William Marks (Latter Day Saints)

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William Marks
Photo of William Marks
First counselor in the First Presidency of the Reorganized Church of Jesus Christ of Latter Day Saints
April 6, 1863 (1863-04-06) – May 22, 1872 (1872-05-22)
Called by Joseph Smith III
Predecessor Sidney Rigdon
Reason Reorganization of church with Joseph Smith III as prophet–president
End reason William W. Blair
Personal details
Born (1792-11-15)November 15, 1792
Rutland, Vermont
Died May 22, 1872(1872-05-22) (aged 79)
Spouse Rosannah Robinson
Julia Ann Durfee

William Marks (November 15, 1792 – May 22, 1872) was a leader in the early days of the Latter Day Saint movement and was a member of the First Presidency in the Reorganized Church of Jesus Christ of Latter Day Saints. Marks is mentioned in the Doctrine and Covenants in sections 117[1] and 124[2] of the LDS Church edition and in section 115[3] of the Community of Christ edition.

Marks was born in Rutland, Vermont to Cornwall (or Cornell) Marks and Sarah Goodrich. He married Rosannah Robinson on May 2, 1813 and was the father of five children.

Early church membership[edit]

Marks was baptized a member of Church of the Latter Day Saints sometime in April 1835 in New York and ordained a priest shortly thereafter. Partly due to the lack of records available on his baptism, Marks was re-baptized in proxy by The Church of Jesus Christ of Latter-day Saints on January 29, 1965. He was ordained an Elder on June 3, 1836.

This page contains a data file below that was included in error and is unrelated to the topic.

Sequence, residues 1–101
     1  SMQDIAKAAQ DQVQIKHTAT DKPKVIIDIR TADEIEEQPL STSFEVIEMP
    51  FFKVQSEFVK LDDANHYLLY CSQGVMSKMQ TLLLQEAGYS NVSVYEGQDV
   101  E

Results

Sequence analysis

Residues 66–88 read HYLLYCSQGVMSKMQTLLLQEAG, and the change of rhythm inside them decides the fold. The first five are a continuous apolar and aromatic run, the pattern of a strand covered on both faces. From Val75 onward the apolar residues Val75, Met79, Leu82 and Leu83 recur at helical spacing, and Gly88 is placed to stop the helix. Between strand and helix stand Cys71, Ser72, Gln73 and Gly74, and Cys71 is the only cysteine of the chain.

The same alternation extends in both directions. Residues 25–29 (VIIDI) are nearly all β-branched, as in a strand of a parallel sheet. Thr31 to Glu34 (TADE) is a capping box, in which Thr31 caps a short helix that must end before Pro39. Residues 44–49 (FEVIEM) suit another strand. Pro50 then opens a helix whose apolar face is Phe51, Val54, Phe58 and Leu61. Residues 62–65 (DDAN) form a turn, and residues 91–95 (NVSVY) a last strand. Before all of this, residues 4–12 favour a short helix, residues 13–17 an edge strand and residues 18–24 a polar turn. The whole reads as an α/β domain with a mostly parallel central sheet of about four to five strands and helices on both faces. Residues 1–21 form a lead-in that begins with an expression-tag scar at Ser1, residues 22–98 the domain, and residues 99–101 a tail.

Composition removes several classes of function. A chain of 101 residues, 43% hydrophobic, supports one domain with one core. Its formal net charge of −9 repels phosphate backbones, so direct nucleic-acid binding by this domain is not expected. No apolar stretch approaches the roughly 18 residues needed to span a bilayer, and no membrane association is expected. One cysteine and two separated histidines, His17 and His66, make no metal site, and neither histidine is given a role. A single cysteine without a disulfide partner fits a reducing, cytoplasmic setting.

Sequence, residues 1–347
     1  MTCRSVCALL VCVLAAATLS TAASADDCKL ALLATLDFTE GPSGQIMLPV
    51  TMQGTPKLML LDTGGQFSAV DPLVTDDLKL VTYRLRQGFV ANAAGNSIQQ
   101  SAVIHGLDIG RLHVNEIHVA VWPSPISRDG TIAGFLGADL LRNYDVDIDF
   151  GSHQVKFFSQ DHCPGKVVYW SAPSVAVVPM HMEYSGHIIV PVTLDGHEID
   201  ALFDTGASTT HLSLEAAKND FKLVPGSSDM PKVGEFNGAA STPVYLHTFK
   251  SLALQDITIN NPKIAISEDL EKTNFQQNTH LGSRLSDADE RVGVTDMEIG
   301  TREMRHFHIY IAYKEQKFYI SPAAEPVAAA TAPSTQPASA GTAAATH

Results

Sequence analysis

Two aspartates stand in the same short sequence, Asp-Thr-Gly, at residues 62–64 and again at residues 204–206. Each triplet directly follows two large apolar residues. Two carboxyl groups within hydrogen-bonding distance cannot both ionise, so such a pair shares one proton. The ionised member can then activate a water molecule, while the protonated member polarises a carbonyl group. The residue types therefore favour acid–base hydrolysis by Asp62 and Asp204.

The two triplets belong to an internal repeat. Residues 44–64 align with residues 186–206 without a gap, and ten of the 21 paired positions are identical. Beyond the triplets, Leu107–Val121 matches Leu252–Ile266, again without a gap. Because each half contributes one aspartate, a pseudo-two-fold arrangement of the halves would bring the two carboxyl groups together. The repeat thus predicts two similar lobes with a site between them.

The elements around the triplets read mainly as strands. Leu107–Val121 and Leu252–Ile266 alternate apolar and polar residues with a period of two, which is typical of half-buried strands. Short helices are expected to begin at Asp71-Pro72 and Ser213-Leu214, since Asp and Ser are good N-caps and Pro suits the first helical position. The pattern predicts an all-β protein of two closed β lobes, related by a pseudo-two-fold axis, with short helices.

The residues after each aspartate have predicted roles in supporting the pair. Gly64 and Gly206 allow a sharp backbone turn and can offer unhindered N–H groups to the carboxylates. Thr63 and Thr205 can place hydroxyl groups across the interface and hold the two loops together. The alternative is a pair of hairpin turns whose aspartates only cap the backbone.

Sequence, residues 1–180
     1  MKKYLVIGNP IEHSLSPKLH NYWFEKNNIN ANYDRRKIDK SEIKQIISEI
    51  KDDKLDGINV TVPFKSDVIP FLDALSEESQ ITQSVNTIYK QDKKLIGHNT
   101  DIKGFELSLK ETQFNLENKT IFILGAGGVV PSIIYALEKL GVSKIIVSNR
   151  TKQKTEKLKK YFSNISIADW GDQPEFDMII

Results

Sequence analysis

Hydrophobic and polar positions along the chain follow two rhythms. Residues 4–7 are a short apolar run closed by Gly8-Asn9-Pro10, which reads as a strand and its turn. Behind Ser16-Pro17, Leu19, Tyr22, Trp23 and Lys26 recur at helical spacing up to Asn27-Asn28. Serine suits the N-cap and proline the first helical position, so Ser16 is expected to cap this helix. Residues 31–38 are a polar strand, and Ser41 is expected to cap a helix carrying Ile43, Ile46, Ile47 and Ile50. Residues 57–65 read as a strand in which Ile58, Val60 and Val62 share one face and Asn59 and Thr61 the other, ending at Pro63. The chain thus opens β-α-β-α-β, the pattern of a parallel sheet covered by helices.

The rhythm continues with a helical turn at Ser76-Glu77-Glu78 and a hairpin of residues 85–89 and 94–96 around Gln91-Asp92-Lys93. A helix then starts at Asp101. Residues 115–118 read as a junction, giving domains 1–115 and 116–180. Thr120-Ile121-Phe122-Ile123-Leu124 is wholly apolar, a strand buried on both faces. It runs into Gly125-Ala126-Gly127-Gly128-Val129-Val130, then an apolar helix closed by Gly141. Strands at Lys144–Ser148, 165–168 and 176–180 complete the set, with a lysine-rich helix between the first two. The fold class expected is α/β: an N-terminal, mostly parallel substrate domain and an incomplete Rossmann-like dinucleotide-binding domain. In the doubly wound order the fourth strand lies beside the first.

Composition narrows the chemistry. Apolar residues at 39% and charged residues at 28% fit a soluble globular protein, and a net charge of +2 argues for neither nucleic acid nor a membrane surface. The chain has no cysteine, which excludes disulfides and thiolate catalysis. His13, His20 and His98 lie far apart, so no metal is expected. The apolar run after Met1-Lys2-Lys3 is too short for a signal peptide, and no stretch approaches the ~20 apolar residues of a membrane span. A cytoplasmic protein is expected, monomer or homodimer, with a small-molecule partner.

In September 1837, Marks was appointed to the High Council at Kirtland, Ohio and agent of the Messenger and Advocate when Joseph Smith and others fled Ohio under mob pressure. Marks was appointed by revelation (D&C 117) to leave Ohio and move to Far West, Missouri, to preside over the body of Saints. However, before he arrived, the Mormons were expelled from the state under the "Extermination Order" signed into law by Lilburn W. Boggs.

Marks was also seen in vision by Joseph Smith, according to Smith’s own record on March 29, 1838. Smith wrote that he saw Marks:

"... closely pursued by an innumerable concourse of enemies, who pressed upon him hard; and when they were about to devour him, and had seemingly obtained some degree of advantage over him, a chariot of fire came, and near the place, even the angel of the Lord, put forth his hand upon Bro. Marks and said unto him: 'Thou art my son, come here.' And immediately he was caught up in the chariot and rode away triumphantly out of their midst. And again the Lord said, 'I will raise thee up for a blessing unto many people.'"[4]

Leadership in Nauvoo[edit]

When the Saints arrived in Commerce, Illinois in 1839, Marks was appointed as Stake President of Commerce (later Stake President of the Nauvoo Stake of Zion). He served in that position until 1844.

He was also elected as a Nauvoo municipal alderman and as one of the regents of the University of the City of Nauvoo in February 1841, and was a founder of the Nauvoo Agricultural and Manufacturing Association. He was appointed by revelation (D&C 124) to contribute to and be on the Nauvoo House committee, and served as landlord of the Mansion House.

As Stake President, he assisted in the laying of the cornerstones of the Nauvoo Temple in April, 1841, was initiated into Masonry in April 1842 and received his endowment on May 4, 1842 as a member of the Council of Fifty.